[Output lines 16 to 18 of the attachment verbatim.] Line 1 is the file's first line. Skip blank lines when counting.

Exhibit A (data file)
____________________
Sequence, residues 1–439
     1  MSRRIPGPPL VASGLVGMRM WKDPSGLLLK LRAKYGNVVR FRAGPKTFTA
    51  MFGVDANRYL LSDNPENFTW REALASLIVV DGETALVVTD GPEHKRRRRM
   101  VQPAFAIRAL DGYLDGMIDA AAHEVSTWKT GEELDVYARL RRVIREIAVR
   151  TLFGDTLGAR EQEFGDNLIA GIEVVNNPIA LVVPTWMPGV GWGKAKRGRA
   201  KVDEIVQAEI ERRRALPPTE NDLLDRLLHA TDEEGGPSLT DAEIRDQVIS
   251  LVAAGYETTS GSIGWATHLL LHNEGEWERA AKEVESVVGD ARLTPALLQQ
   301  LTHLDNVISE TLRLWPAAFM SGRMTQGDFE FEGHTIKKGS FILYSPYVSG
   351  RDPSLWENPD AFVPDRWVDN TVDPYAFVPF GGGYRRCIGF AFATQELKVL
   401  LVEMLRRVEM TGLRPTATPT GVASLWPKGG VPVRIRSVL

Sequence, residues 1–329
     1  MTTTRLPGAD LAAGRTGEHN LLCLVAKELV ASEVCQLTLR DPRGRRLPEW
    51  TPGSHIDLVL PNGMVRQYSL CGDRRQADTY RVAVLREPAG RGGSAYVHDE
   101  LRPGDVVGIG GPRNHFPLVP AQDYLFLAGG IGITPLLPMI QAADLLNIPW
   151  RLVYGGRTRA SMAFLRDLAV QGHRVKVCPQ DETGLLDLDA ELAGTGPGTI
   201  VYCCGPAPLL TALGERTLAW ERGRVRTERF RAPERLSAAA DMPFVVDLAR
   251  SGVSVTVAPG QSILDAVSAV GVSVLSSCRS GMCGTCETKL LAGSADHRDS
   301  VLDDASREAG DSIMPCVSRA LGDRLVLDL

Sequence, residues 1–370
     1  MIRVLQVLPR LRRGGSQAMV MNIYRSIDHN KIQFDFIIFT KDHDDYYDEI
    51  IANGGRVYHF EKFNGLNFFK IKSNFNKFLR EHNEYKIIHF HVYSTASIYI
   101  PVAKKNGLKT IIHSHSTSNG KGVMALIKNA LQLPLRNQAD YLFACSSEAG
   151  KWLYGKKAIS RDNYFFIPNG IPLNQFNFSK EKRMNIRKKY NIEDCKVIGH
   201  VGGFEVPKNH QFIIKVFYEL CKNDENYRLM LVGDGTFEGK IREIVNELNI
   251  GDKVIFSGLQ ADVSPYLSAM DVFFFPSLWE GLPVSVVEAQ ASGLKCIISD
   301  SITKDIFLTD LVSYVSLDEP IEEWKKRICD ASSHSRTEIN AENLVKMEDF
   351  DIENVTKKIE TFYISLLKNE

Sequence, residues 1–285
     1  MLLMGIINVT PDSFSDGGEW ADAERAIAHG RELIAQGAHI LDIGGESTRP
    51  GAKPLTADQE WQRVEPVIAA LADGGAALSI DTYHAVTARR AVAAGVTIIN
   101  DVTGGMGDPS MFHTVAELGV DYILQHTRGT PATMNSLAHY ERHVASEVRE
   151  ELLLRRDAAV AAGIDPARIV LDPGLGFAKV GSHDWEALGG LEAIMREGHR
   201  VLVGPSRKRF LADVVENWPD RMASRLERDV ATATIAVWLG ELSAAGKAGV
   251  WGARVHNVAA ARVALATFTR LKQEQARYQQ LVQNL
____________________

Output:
   201  VYCCGPAPLL TALGERTLAW ERGRVRTERF RAPERLSAAA DMPFVVDLAR
   251  SGVSVTVAPG QSILDAVSAV GVSVLSSCRS GMCGTCETKL LAGSADHRDS
   301  VLDDASREAG DSIMPCVSRA LGDRLVLDL